• uniquely qualified and competent to do
  • deeply curious about
  • feels valued for
  • finds meaning in
  • Set a significant amount of time aside well in advance to avoid pressure and disconnect from all distractions (e.g. turn off all connections or devices).
  • Prepare in advance by ensuring you are well-rested and well-nourished.
  • Consider listening to music without words to find a consistent rhythm. Sometimes I will play the same song for an hour. I think music is very personal and may not be a part of the recipe for everyone.
  • Consider either exercise or mindful breathing in preparation for your work. This is very unique to the individual and should be tested.

I recommend experimenting with the above recommendations to see what increases your probability of getting into a flow state. I think it is important to note that flow is the heart (passion/purpose) invested with mental and physical activity. Paying attention to how you are engaging each of these in a way that is unique to you is key to understanding what will work for you.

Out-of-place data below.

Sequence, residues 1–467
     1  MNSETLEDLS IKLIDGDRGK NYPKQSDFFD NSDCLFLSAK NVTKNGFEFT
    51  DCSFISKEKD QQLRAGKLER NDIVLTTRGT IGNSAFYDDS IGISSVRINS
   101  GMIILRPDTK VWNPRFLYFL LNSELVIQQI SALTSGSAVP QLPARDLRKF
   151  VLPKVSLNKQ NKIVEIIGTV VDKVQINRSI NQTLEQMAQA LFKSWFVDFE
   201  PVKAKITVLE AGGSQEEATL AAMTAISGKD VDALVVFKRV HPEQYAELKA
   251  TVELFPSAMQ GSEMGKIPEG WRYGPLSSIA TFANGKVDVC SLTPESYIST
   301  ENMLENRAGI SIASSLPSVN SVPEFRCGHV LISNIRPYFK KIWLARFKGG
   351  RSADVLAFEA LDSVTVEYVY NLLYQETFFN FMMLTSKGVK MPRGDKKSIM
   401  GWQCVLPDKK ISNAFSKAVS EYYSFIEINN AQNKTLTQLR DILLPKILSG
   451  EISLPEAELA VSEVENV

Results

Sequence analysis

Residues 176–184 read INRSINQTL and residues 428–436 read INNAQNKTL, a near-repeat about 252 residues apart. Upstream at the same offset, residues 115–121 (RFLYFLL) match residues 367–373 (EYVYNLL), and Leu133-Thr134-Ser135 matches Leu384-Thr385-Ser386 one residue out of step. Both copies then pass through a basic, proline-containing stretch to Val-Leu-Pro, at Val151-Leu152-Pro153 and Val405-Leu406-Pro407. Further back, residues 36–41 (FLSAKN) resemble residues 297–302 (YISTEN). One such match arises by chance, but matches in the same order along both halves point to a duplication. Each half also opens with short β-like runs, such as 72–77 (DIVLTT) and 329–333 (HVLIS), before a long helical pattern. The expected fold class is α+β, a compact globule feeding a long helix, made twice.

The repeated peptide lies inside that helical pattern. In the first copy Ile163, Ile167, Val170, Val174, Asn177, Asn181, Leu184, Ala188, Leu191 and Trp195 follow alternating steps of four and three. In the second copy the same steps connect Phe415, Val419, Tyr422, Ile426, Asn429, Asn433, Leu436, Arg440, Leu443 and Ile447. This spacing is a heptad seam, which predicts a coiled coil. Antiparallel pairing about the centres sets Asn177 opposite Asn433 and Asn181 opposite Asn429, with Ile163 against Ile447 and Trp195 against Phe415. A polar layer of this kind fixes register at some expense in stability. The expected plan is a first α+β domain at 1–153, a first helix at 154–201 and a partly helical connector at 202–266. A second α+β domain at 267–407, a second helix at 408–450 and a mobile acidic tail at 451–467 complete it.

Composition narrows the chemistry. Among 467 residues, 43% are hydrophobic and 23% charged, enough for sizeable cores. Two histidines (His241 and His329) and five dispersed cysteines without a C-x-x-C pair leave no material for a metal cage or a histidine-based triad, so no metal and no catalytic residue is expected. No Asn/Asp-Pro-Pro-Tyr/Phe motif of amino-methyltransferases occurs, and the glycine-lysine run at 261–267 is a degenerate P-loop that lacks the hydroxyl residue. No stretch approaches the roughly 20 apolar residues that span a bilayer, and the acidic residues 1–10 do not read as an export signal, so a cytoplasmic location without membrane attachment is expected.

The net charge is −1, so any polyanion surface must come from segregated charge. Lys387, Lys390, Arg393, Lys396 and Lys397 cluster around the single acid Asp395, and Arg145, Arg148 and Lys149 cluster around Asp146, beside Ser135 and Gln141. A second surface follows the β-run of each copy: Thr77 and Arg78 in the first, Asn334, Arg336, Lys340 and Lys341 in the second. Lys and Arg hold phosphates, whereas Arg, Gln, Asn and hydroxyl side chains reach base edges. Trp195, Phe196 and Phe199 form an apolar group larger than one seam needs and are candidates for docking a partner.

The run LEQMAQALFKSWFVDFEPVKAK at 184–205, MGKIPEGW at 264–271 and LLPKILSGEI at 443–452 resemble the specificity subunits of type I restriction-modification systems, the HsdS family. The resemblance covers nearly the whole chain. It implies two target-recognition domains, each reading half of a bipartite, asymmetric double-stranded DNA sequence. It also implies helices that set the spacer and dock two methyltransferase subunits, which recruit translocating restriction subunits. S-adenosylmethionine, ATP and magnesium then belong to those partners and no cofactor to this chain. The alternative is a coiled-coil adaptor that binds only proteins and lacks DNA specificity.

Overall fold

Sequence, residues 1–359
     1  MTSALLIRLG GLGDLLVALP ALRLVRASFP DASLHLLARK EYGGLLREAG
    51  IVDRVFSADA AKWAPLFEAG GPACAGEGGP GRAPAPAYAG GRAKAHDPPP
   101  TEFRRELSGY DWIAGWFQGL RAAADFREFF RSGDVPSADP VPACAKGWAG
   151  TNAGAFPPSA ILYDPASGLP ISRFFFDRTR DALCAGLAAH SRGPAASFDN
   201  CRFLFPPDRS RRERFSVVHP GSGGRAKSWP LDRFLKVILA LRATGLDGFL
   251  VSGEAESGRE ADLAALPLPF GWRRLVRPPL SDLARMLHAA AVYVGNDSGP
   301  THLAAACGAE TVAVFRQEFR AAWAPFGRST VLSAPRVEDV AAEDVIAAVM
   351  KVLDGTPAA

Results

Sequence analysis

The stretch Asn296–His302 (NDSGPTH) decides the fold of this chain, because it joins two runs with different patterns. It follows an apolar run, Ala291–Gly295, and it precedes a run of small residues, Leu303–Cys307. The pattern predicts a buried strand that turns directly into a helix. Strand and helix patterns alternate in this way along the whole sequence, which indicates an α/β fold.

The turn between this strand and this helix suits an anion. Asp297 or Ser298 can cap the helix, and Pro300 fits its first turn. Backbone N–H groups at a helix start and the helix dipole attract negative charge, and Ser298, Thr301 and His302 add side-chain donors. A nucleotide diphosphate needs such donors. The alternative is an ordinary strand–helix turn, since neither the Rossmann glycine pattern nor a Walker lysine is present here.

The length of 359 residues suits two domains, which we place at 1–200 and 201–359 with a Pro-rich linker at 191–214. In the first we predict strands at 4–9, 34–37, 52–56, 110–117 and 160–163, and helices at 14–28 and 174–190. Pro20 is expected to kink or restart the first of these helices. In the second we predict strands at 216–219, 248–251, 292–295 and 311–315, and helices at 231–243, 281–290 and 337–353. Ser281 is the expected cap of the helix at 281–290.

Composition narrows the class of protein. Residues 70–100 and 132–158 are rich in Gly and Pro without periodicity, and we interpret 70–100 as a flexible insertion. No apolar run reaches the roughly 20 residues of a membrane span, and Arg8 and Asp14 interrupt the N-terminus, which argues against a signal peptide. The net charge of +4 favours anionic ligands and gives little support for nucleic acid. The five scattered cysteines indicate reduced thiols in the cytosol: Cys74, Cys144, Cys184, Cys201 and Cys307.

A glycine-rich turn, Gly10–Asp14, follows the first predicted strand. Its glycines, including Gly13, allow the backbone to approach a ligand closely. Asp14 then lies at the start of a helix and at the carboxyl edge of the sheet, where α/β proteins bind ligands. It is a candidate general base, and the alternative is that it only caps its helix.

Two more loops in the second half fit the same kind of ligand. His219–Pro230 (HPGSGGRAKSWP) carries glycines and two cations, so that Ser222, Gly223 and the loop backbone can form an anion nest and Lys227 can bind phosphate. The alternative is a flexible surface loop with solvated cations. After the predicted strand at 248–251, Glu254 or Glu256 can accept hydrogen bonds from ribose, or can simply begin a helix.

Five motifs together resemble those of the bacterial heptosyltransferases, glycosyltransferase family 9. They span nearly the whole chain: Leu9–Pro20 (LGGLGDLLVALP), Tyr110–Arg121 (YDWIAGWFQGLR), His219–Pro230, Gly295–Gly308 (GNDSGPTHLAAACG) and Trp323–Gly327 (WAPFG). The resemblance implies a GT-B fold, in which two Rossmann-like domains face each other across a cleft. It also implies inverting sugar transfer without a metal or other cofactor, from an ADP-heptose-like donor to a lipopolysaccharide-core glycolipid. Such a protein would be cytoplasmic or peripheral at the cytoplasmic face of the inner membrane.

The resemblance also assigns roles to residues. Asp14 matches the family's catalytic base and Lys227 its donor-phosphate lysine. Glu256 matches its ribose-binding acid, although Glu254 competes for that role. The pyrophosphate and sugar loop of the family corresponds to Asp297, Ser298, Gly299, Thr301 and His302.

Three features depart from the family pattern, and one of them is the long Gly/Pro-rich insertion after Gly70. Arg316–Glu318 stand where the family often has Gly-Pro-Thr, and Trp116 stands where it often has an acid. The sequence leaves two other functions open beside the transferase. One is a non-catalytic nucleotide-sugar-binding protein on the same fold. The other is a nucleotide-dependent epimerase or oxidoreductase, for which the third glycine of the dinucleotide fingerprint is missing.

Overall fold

Ok, we are nearly done. You are a person of great influence. If you could inspire a movement that would bring the most amount of good for the greatest number of people, what would that be? You never know what your idea can trigger.

This is an easy one. Everyone should have a coach. Coaching is not just for athletes and executives. Our lives would be much better if we had access to someone we respect, who cared about our progress and had the skills to help us achieve something meaningful. That achievement could be physical, social, emotional, cultural…it really doesn’t matter, what matters is that my movement would be about making sure everyone in the world had access to a coach.

Thank you for these really excellent insights, and we greatly appreciate the time you spent with this. We wish you continued success.